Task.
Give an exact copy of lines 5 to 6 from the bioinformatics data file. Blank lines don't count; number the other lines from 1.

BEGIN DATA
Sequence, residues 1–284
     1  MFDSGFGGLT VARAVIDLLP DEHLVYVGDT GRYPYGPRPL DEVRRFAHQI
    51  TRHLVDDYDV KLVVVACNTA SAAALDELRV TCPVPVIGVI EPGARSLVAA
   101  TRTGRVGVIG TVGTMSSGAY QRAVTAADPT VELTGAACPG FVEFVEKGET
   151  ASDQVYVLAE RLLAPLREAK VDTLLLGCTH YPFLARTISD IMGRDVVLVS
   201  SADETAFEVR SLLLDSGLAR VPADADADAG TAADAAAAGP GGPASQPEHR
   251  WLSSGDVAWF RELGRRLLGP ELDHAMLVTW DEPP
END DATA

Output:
   151  ASDQVYVLAE RLLAPLREAK VDTLLLGCTH YPFLARTISD IMGRDVVLVS
   201  SADETAFEVR SLLLDSGLAR VPADADADAG TAADAAAAGP GGPASQPEHR